But this violence is even closer than that. It resides in the human heart and if it resides in one human heart it can reside in all human hearts. It is easy for me to see myself on the side of peace, on the side of the victim; to see the victims as my suffering brothers and sisters. But the perpetrators are also my brothers and sisters and they too are suffering. They too have a story to tell and somehow must feel that for their own safety and happiness those they see as different and as the enemy must be eliminated. It would seem that they cannot live in a world of difference, that they cannot respect diversity, that they are unable to dialogue and learn from others, to cooperate with others for the common good of the society in which they live.
I think many of us will recognise these attitudes in ourselves and in our own communities. Every time we close ourselves off from others we are contributing to suspicion and to violence in our world. Every time we move out from our closed community to stretch out the hand of friendship to others we are contributing to peace not just in our immediate situation but in the world at large. Each act of friendship is a small step in renewing our fractured world. Within Judaism this is called tikkun olam - step by step, moment by moment trying to repair the rifts, the fractures, the divisions of this world which cries out for peace.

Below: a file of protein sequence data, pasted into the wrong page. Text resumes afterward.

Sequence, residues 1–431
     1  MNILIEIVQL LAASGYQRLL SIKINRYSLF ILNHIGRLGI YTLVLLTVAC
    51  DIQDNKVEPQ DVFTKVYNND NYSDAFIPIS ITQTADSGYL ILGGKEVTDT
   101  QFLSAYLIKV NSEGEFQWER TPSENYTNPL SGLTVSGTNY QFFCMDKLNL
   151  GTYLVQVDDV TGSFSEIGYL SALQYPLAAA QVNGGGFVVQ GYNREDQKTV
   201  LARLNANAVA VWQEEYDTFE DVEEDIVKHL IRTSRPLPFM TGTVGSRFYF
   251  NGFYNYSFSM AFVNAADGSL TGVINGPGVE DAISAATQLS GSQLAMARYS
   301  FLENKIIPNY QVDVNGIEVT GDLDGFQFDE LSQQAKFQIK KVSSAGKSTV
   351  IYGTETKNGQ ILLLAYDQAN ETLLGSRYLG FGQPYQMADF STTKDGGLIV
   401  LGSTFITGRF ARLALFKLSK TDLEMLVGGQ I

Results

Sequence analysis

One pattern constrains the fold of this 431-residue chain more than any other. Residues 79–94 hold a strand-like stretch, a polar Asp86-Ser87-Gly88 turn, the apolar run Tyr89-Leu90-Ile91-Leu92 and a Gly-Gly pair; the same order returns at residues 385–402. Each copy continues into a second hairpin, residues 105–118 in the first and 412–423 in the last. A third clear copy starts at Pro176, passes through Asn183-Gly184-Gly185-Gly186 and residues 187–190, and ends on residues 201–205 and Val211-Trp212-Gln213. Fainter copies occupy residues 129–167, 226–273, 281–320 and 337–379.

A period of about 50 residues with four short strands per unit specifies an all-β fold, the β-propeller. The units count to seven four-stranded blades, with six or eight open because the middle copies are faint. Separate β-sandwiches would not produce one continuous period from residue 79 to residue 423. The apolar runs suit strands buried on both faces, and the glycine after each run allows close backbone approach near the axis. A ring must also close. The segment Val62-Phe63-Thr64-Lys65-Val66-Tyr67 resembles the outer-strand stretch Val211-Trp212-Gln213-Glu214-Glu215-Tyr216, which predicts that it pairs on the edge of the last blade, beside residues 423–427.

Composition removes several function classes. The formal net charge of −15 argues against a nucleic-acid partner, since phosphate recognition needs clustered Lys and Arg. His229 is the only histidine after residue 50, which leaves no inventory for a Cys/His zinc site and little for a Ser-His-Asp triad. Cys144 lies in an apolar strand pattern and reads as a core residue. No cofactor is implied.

But there is another story to tell. Yes we live in a world which is divided but we also live in a world where people are working for peace, living in harmony and encouraging cooperation between different tribes, nations and religions. The work of interreligious dialogue often goes unnoticed but it does tell another story and show another way. Organisations like The Interfaith Network of the UK and Interfaith Scotland promote dialogue and mutual understanding through respecting difference as do numerous local interfaith groups and interfaith initiatives here at home and abroad. Interreligious dialogue is a protest movement against the violence in the world today, it subverts the notion that the other is the enemy and shows the world that friendship between faiths is possible.